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Should We Be Delighted With Rogers Communications Inc.’s (TSE:RCI.B) ROE Of 25%?

Pam Parks

Many investors are still learning about the various metrics that can be useful when analysing a stock. This article is for those who would like to learn about Return On Equity (ROE). We’ll use ROE to examine Rogers Communications Inc. (TSE:RCI.B), by way of a worked example.

Rogers Communications has a ROE of 25%, based on the last twelve months. That means that for every CA$1 worth of shareholders’ equity, it generated CA$0.25 in profit.

Check out our latest analysis for Rogers Communications

How Do You Calculate ROE?

The formula for ROE is:

Return on Equity = Net Profit ÷ Shareholders’ Equity

Or for Rogers Communications:

25% = 1922 ÷ CA$7.8b (Based on the trailing twelve months to September 2018.)

It’s easy to understand the ‘net profit’ part of that equation, but ‘shareholders’ equity’ requires further explanation. It is all earnings retained by the company, plus any capital paid in by shareholders. You can calculate shareholders’ equity by subtracting the company’s total liabilities from its total assets.

What Does Return On Equity Mean?

ROE looks at the amount a company earns relative to the money it has kept within the business. The ‘return’ is the profit over the last twelve months. The higher the ROE, the more profit the company is making. So, all else being equal, a high ROE is better than a low one. Clearly, then, one can use ROE to compare different companies.

Does Rogers Communications Have A Good ROE?

By comparing a company’s ROE with its industry average, we can get a quick measure of how good it is. However, this method is only useful as a rough check, because companies do differ quite a bit within the same industry classification. As is clear from the image below, Rogers Communications has a better ROE than the average (21%) in the Wireless Telecom industry.

TSX:RCI.B Last Perf January 8th 19

That’s clearly a positive. We think a high ROE, alone, is usually enough to justify further research into a company. One data point to check is if insiders have bought shares recently.

How Does Debt Impact ROE?

Most companies need money — from somewhere — to grow their profits. That cash can come from retained earnings, issuing new shares (equity), or debt. In the case of the first and second options, the ROE will reflect this use of cash, for growth. In the latter case, the use of debt will improve the returns, but will not change the equity. Thus the use of debt can improve ROE, albeit along with extra risk in the case of stormy weather, metaphorically speaking.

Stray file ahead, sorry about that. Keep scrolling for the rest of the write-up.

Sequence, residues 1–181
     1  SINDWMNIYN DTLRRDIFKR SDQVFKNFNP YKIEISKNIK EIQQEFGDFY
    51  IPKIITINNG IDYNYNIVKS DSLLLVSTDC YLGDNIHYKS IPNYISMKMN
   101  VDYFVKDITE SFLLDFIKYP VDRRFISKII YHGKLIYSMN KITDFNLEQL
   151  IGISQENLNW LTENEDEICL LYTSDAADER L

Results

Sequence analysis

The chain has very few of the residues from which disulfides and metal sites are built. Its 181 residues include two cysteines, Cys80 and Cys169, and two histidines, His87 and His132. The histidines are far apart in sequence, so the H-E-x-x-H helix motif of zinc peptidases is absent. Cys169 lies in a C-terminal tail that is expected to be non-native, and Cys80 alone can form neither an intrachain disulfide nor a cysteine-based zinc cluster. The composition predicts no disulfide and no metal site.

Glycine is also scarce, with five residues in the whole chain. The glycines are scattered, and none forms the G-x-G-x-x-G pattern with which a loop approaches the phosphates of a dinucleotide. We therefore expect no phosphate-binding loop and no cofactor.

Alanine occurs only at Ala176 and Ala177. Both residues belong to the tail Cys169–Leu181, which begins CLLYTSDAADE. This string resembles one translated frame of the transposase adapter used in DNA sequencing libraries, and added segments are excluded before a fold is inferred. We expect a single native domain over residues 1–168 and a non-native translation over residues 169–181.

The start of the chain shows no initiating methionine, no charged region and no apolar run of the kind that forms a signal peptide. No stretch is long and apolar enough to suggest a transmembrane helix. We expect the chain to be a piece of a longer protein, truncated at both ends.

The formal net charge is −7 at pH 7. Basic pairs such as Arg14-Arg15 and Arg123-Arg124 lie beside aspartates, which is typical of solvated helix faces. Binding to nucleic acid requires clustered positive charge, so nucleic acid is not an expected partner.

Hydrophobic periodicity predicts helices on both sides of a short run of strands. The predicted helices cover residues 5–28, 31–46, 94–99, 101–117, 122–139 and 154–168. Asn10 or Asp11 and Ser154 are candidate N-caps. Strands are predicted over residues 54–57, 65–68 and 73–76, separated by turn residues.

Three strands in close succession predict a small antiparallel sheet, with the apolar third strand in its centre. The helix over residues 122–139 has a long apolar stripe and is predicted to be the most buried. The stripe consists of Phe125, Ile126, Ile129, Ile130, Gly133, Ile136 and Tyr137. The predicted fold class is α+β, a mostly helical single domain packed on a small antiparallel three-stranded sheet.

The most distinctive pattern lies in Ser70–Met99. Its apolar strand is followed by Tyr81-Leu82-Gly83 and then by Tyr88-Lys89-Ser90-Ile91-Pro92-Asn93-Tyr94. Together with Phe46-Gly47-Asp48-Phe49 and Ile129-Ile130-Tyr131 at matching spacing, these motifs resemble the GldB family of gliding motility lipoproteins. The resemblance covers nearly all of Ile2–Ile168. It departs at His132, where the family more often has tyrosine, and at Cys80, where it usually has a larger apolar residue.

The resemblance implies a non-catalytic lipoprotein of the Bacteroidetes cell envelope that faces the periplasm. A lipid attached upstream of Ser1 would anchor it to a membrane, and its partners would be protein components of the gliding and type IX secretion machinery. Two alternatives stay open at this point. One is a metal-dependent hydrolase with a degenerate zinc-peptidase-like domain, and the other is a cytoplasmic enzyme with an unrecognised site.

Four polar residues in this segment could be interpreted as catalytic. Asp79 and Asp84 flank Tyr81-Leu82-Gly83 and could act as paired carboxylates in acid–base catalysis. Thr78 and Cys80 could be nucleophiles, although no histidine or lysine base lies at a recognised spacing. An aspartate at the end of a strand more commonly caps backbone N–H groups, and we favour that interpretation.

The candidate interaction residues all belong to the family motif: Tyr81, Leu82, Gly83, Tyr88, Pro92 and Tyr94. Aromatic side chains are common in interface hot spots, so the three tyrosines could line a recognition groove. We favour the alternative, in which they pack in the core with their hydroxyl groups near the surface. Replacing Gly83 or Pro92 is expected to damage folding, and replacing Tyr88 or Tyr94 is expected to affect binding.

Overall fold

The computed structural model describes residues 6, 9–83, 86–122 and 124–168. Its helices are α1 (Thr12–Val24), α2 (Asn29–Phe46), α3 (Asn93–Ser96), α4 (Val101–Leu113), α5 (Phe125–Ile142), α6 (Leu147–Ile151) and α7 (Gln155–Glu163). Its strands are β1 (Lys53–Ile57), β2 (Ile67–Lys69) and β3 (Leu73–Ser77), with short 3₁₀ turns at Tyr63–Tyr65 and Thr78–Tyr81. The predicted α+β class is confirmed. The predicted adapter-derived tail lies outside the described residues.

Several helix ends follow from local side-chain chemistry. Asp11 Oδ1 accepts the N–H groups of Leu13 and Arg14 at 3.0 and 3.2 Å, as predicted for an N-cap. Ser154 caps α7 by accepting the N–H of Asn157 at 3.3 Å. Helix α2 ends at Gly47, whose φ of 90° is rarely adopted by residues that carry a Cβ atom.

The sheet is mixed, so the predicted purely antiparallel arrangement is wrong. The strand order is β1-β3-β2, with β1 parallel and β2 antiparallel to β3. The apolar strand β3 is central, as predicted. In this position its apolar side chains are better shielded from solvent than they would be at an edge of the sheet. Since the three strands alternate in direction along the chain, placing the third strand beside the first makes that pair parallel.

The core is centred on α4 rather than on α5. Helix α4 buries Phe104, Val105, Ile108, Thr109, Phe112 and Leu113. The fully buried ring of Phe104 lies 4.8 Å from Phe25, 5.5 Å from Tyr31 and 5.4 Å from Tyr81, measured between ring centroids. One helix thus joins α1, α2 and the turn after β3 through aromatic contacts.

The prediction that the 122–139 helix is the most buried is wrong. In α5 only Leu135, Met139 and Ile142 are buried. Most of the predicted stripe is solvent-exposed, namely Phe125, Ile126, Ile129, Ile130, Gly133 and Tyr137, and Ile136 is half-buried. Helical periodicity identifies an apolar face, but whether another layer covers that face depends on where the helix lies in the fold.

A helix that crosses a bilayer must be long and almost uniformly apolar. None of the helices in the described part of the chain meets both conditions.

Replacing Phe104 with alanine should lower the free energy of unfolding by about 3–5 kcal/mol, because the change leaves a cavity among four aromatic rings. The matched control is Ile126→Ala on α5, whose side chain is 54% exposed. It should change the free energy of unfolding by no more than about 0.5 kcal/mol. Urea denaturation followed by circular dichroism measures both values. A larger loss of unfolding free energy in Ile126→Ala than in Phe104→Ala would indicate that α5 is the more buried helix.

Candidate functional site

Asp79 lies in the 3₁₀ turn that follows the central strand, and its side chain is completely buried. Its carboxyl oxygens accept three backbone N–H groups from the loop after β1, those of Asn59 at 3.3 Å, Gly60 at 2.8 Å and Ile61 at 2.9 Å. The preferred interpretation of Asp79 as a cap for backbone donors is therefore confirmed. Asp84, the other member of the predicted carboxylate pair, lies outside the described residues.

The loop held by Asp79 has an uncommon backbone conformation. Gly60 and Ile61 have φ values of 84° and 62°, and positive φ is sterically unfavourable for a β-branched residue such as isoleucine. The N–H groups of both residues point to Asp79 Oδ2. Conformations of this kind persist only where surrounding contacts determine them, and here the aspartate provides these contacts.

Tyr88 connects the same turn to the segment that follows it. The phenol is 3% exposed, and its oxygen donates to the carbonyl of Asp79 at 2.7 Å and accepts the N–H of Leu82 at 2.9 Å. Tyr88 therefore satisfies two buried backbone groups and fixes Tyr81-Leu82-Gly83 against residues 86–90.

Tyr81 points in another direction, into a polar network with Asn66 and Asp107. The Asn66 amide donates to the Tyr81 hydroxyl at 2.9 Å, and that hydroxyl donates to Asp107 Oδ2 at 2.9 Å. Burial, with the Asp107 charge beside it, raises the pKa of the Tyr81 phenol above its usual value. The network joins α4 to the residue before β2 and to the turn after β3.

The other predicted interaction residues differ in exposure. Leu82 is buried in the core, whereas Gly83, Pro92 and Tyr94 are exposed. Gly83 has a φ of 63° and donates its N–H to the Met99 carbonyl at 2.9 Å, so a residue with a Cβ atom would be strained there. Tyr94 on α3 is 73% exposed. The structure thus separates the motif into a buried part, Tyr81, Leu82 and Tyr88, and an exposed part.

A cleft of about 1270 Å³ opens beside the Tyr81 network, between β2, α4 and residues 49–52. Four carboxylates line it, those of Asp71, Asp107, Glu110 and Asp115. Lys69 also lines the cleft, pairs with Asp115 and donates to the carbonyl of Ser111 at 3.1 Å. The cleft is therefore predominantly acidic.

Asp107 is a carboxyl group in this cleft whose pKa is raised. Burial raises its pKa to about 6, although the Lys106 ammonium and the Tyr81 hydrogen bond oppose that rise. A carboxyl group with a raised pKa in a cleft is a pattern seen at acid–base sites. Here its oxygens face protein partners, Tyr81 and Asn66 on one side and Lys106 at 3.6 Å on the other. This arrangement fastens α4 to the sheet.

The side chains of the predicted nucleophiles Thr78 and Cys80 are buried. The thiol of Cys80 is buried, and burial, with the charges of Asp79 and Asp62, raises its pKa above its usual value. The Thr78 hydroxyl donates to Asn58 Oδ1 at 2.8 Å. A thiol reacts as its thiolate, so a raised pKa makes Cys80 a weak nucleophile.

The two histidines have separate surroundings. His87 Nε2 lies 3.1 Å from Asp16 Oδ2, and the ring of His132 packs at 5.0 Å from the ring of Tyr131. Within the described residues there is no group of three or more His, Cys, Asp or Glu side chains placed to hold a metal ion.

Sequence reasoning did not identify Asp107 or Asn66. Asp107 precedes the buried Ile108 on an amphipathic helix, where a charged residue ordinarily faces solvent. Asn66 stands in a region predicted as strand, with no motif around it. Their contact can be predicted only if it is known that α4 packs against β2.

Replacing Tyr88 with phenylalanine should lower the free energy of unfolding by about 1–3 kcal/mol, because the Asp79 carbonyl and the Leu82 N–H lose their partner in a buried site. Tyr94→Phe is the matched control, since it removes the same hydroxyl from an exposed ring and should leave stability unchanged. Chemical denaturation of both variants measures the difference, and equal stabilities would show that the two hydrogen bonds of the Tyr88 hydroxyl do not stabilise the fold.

Combining Rogers Communications’s Debt And Its 25% Return On Equity

Rogers Communications clearly uses a significant amount debt to boost returns, as it has a debt to equity ratio of 2.02. While the ROE is impressive, that metric has clearly benefited from the company’s use of debt. Investors should think carefully about how a company might perform if it was unable to borrow so easily, because credit markets do change over time.

The Bottom Line On ROE

Return on equity is a useful indicator of the ability of a business to generate profits and return them to shareholders. Companies that can achieve high returns on equity without too much debt are generally of good quality. If two companies have the same ROE, then I would generally prefer the one with less debt.

But ROE is just one piece of a bigger puzzle, since high quality businesses often trade on high multiples of earnings. The rate at which profits are likely to grow, relative to the expectations of profit growth reflected in the current price, must be considered, too. So I think it may be worth checking this free report on analyst forecasts for the company.

If you would prefer check out another company — one with potentially superior financials — then do not miss this free list of interesting companies, that have HIGH return on equity and low debt.

To help readers see past the short term volatility of the financial market, we aim to bring you a long-term focused research analysis purely driven by fundamental data. Note that our analysis does not factor in the latest price-sensitive company announcements.

The author is an independent contributor and at the time of publication had no position in the stocks mentioned. For errors that warrant correction please contact the editor at editorial-team@simplywallst.com.